Two of the economy’s key growth engines are sputtering, with retail sales flat and building approvals continuing a trend decline in February.
Bureau of Statistics data show retail sales were unchanged in February on a seasonally adjusted basis.
The demand for goods showed an increasingly familiar divergence between to two big south-eastern states, New South Wales and Victoria, and the resources-dependent areas such as Western Australia, Queensland and the Northern Territory.
While sales rose 0.4 and 0.2 per cent in Victoria and New South Wales respectively, they were down 0.4 per cent in Queensland, 0.6 per cent in Western Australia and a large 1.6 per cent in the Northern Territory.
The ACT (1 per cent) and South Australia (0.3 per cent) had strong sales growth, while Tasmania saw retail turnover fall 0.5 per cent.
The leading sectors were household goods and departments stores (up 0.4 per cent).
Clothing, footwear and personal accessories were up 0.1 per cent, while food retailing was flat.
However, those modest gains were offset by a 0.2 per cent fall for cafe and restaurant sales and a 0.1 per cent decline for ‘other’ retailing.
Westpac economist Matthew Hassan said it to is too early to gauge the strength or weakness of consumer demand purely from retail sales, however.
“It should be noted that retail is a problematic indicator for broader consumer demand – whereas the latter showed a clear pick up in momentum over the course of last year, retail sales saw continued lacklustre growth. To the extent that demand picked up, it bypassed retailers in 2015,” he wrote in a note on the data.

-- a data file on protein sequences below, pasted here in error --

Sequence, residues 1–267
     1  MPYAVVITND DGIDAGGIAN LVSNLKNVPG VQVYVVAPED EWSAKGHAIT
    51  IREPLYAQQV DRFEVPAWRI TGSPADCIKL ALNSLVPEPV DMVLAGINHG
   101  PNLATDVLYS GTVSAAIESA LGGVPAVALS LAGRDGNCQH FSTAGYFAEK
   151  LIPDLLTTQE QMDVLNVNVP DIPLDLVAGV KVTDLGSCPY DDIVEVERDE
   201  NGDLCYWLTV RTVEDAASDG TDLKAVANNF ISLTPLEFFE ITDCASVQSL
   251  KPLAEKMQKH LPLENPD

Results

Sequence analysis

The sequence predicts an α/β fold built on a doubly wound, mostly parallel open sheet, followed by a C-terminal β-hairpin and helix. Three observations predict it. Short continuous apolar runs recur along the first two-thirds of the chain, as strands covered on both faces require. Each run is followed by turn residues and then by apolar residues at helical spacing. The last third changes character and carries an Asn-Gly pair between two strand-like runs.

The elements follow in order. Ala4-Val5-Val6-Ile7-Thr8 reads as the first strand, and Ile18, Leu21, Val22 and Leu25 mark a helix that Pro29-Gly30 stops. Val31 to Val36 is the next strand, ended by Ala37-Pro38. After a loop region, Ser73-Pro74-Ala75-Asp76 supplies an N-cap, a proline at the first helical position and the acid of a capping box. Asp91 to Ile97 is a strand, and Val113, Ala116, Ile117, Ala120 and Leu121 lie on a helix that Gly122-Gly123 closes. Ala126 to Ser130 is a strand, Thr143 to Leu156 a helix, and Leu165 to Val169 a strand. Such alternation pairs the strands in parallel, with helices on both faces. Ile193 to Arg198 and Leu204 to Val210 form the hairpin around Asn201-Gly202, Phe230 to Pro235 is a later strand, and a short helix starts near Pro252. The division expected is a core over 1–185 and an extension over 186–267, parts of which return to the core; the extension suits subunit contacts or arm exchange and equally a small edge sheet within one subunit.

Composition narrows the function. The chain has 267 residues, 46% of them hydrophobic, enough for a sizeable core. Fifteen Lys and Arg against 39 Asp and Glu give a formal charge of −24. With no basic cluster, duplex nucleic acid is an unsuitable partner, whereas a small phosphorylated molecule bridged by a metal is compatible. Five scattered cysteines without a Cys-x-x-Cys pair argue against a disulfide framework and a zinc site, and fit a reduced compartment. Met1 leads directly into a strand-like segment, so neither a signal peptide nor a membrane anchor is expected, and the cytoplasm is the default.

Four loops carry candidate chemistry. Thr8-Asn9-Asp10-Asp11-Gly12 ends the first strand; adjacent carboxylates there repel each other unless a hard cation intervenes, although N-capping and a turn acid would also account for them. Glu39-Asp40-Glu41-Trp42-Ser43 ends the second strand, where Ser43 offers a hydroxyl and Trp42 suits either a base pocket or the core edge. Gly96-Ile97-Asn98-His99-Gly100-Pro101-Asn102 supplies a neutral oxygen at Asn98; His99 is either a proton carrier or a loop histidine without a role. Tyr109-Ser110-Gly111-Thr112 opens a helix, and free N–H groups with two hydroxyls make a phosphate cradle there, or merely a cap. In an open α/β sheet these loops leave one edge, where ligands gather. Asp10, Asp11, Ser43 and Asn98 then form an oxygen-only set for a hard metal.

“Whether the soft start for retail in 2016 indicates a slowdown in demand, price effects or sector specific issues is difficult to tell at this stage.”
Building approvals rise, but trend still down
A bounce back in apartments saw dwelling approvals rise in February, but the more stable trend figures continue to show a decline from the record levels seen in 2015.
ABS seasonally adjusted data show approvals up 3.1 per cent in February, driven by a 7.6 per cent jump in apartments, offsetting a 1.2 per cent slide in detached houses.
However, the rise in the volatile apartment approvals figure does not offset previous months’ falls, and that saw the more stable trend figure for total dwelling approvals down 0.5 per cent in February.
Dwelling approvals have been in a negative trend now for 11 months, after having boomed to record highs during the first half of 2015.
The ACT was the only state or territory to record a trend rise in dwelling approvals in February, with Victoria flat.
The biggest falls were in the Northern Territory, South Australia and Western Australia.
Deutsche Bank economist Phil Odonaghoe said the pull-back in residential building approvals is clearly continuing.
“This has been led by a slowdown in multi-dwelling approvals, which in turn is consistent with the recent moderation in investor activity,” he wrote in a note.
“That said, both single-dwelling and multi-dwelling approvals remain above their long-run average.”